- Great gaming audio
- Virtual surround works well
- Excellent build quality
- No spare earpads
- No in-line controls
- Not brilliant for most music
- PC-centric features
- Review Price: £100
- 7.1 virtual surround soud
- PC, Mac and PS4 support
- Chroma RGB support
- Active mic noise cancellation through software
- Weight: 346g
What is the Razer Kraken 7.1 v2?
The Kraken 7.1 v2 is Razer’s headset for surround sound aficionados, with a pair of stereo drivers that are able to accurately recreate a surround image to create an immersive gaming experience. It’s very well built, remarkably comfortable and works with PC, Mac and PS4.
There are a few niggling points that do hold it back however; with a lack of in-line controls harming usability, and a heavy reliance on PC software leaving PS4 owners a little short changed. But as an overall package – it’s very enticing indeed.
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Razer Kraken 7.1 v2 – Design, build and features
The Kraken 7.1 v2 is very well constructed; with a thick aluminium frame that sits alongside the soft leatherette earcups. The headband rests gently on your head, with a cloth covering that coats the layer of plush foam inside. The top of headset is finished in more leatherette, with ‘Razer’ neatly etched into the top too. My review sample is the black variant, though white and grey versions are also available.
The sides of the headset can be expanded to fit any sized head, and the overall comfort level is top notch. I never found myself itching to take it off, and I was happily content losing hours upon hours to Destiny 2. Having said this, the headset has a light gripping force out of the box, but this will loosen over time and may become a little slippy, as I found with the analogue Kraken Pro v2.
The sides of the Kraken side sport a metallic mesh, but don’t be fooled into thinking these are open back, as these are a strictly closed affair. The Razer logo is brightly displayed on each side too, and if you’re into RGB lighting, you’ll be glad to know that there are plenty of effects and colour options to choose from.
The ear pads themselves are removable, and are crafted from soft memory foam and thick leatherette. It feels more luxurious than similar headsets from HyperX, and helps to convey the sense of quality. It does get a little hotter than cloth materials though, and unfortunately Razer don’t provide a spare set of earpads – which is a big shame. My sample uses a set of oval shape pads that fit my ears very well, though circular shaped pads are also available separately.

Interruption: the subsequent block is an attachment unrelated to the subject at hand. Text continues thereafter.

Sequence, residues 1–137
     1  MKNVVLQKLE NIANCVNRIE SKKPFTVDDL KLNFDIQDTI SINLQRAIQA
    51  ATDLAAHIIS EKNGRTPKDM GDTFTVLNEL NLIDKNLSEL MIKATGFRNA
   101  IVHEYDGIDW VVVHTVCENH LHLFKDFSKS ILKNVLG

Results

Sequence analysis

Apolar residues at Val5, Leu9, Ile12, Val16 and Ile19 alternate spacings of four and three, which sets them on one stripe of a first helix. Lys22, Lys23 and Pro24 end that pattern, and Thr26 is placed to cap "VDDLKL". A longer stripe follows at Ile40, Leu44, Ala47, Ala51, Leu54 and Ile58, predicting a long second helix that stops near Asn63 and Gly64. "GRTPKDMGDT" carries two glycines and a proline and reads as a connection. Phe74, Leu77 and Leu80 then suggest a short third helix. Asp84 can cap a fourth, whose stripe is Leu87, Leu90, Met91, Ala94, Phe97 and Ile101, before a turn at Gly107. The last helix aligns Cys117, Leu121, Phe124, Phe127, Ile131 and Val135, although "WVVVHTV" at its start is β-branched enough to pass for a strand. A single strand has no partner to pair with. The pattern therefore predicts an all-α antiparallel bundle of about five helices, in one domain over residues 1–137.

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The microphone can be found on the right of the unit, and is both retractable and highly flexible, with the stem retracting into body when not in use. It’s pretty discrete, and is a solution that I find highly versatile. The tip has a red mute LED indicator, and a click button for muting.
If you’re wondering about in-line controls or headset buttons, you’ll be very disappointed to know that there aren’t any. Razer has opted shun these in favour of software control, which isn’t too much of a worry on the PC, but PS4 users will find themselves unable to quickly adjust settings. The included USB cable is braided, however, so it’ll be less prone to kinking.
Razer Kraken 7.1 v2 – Audio quality
I’ve been very impressed with the performance of the Kraken 7.1 throughout my testing. As you’d expect, the sound signature is almost identical to the analogue Kraken Pro, with an emphasised low end that rocks in gaming scenarios, but can overpower in music.
My gaming tests had me dust off the PS4 Pro for a spot of Destiny 2. It’s clear that the headset can cope with shooters, with a punchy sound that puts you right at the centre of the action. The nuances aren’t forgotten either though, with the artful soundtrack being delivered with real clarity. Set up is seamless, but you won’t be able to use the 7.1 audio on consoles. For that, you’ll need to plug into a PC and install the Razer Synapse software. It works very well, and after a quick calibration, you’ll be able to enjoy the surround audio smarts, which is surprisingly convincing for a stereo set. It won’t match a true home cinema, but it really does open up your games, and give your ears a sense of direction.
As for music – it could be a bit better. Most will be very satisfied, with a strong sound that’s right at home with modern day tunes. If it’s got a heavy bassline, it’s going to sound good. For those that want a more relaxing listen, the Kraken can get a little bit loose and muddy at times.I’d be perfectly happy using these with a gaming PC, but if you’re a bit of an audiophile, these probably won’t be to your tastes.
The microphone quality is good, with clear vocals and built-in active noise cancellation when you use Razer’s PC software. There’s no pop filter though, and unlike the analogue version, there’s a slight robotic effect to recordings, and it’s clear that there is some background processing taking place. It’s not a big issue though, as the Kraken 7.1 proving absolutely fine for in-game chat and VOIP clients.
Should I buy the Razer Kraken 7.1 v2?
There’s plenty to adore on the Kraken 7.1 v2, with excellent gaming chops, high levels of comfort and convincing surround sound. It’s very well constructed too, with an attractive design that’s sure to win over many gamers.
It’s a better experience on PC than it is on the PS4, however, relying heavily on software for functionality, leaving console players without surround sound or noise cancellation. The lack of in-line controls are also a concern, and it’s more expensive than its analogue counterpart.
But if you’re after a USB gaming headset that delivers across the board for under £100 – you’d struggle to do better than the Kraken 7.1 v2.
A PC focused headset that delivers solid gaming performance
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